“Ballroom is definitely a community, it’s definitely a family. … Ballroom started in the early ‘70s because a lot of people of color specifically from communities and cities were kicked out of their homes, like me, for being gay,” said LaBoy, now 35. “I came out and didn't have a lot of places to go. Ballroom actually is one of the places that accepted me, and it accepted a lot of people since its founding.”
Promoting health and wellness for the next generation
Rooted in a decades-long tradition of promoting health and wellness in the queer community, the Kiki ball offshoot largely grew out of social gatherings hosted by LGBTQ organizations that connected young ball community members to health services.
Milan works as the social engagement and arts program manager at REACH LA, a youth organization founded in 1992 in response to a lack of HIV/AIDS prevention education for young people of color. In 2006, to better address the health disparities in underserved communities of color, Milan worked with the group to found the Ovahness Ball, now the longest-running and largest ball on the west coast, he said.
LGBTQ young adults have a 120-percent higher chance of experiencing homelessness than their straight, cis peers, according to a 2017 University of Chicago report. Twenty percent of trans people have experienced homelessness at some point, the National Center for Transgender Equality indicates.
To address such issues, house parents split their time between preparing their “children” for balls and helping them grow personally and professionally.
“We have a golden rule that you've got to work, go to school, do some type of volunteering, because that’s what our house is about,” Davis said of House of Prestige. “We don't only just walk balls, we try to be a community activist house also.”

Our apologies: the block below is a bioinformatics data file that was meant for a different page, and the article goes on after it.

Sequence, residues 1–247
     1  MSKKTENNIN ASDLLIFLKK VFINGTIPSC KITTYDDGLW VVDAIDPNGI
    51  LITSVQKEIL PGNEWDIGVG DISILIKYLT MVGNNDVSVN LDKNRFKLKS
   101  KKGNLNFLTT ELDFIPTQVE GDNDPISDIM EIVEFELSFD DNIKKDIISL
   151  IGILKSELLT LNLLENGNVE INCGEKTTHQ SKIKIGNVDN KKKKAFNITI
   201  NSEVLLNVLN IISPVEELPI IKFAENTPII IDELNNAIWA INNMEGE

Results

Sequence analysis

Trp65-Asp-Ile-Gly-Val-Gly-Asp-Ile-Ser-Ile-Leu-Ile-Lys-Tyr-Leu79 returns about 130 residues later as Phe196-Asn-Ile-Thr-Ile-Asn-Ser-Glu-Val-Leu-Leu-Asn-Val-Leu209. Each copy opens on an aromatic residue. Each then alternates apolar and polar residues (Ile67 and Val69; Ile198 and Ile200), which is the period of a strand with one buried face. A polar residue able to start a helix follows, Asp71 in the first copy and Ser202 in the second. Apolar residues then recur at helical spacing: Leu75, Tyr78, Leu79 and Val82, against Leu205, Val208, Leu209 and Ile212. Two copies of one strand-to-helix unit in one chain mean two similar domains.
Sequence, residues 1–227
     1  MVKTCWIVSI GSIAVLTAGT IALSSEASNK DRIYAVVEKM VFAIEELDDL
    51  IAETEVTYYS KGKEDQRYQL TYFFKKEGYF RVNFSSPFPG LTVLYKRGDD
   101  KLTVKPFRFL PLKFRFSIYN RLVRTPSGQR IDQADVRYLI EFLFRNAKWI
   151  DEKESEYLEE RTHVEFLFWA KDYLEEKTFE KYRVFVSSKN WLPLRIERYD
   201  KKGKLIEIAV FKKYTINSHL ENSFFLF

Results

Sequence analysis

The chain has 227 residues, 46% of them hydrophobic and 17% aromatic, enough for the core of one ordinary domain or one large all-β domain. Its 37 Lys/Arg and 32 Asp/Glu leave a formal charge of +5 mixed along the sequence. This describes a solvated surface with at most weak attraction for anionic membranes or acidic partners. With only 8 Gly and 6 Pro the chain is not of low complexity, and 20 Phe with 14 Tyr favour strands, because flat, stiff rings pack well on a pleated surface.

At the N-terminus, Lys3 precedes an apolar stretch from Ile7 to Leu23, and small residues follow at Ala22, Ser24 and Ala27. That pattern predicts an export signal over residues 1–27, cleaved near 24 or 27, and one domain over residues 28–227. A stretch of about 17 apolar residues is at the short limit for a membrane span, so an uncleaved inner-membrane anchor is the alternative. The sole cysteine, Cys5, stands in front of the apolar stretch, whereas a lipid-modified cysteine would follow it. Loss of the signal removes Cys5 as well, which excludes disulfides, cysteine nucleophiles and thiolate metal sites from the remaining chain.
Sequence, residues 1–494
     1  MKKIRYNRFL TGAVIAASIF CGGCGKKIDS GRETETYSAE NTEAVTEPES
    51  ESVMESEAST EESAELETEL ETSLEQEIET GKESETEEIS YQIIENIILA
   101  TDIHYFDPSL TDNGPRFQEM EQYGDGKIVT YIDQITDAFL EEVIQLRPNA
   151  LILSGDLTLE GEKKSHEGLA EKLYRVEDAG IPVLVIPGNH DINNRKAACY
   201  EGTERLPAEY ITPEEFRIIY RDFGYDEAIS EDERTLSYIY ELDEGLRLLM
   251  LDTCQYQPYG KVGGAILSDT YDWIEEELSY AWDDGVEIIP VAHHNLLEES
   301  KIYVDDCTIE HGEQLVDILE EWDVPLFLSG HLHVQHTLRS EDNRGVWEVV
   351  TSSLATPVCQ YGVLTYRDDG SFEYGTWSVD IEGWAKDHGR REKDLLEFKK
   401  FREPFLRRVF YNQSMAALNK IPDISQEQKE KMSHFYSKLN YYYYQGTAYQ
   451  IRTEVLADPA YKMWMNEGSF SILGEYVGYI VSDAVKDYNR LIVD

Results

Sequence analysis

As house mother to about 125 children at Philadelphia’s House of Prodigy, which was founded in 2002, Bowman said he aims to show them that ballroom extends beyond the runway. His goal is to “nurture and help develop” the kids to “make them be the best that they can be.” Having once been incarcerated for 10 months, he draws on his experiences to exemplify how to get through difficult times.
“As young people that … go through different things, they may experience homelessness or they may experience losing their job or losing a friend or losing a family member, they don’t see the light at the end of the tunnel,” Bowman said. “My primary job is just to make sure they see that light and help them get to that light.”
Ballroom is “a great teaching tool” that prepares participants for other life experiences, Milan told PGN.
“You prepare for the ball, you walk your category in front of judges and whatnot and it’s the same thing as you would do if you go to a job interview,” he added. “You have to prepare for the job interview, you may have four or five different interviews, you don’t know any of the people really who are judging you at the interview. So there are a lot of life skills that young people are actually able to learn in the ballroom scene, and they’re able to learn them as who they are, as opposed to what society says they should be.”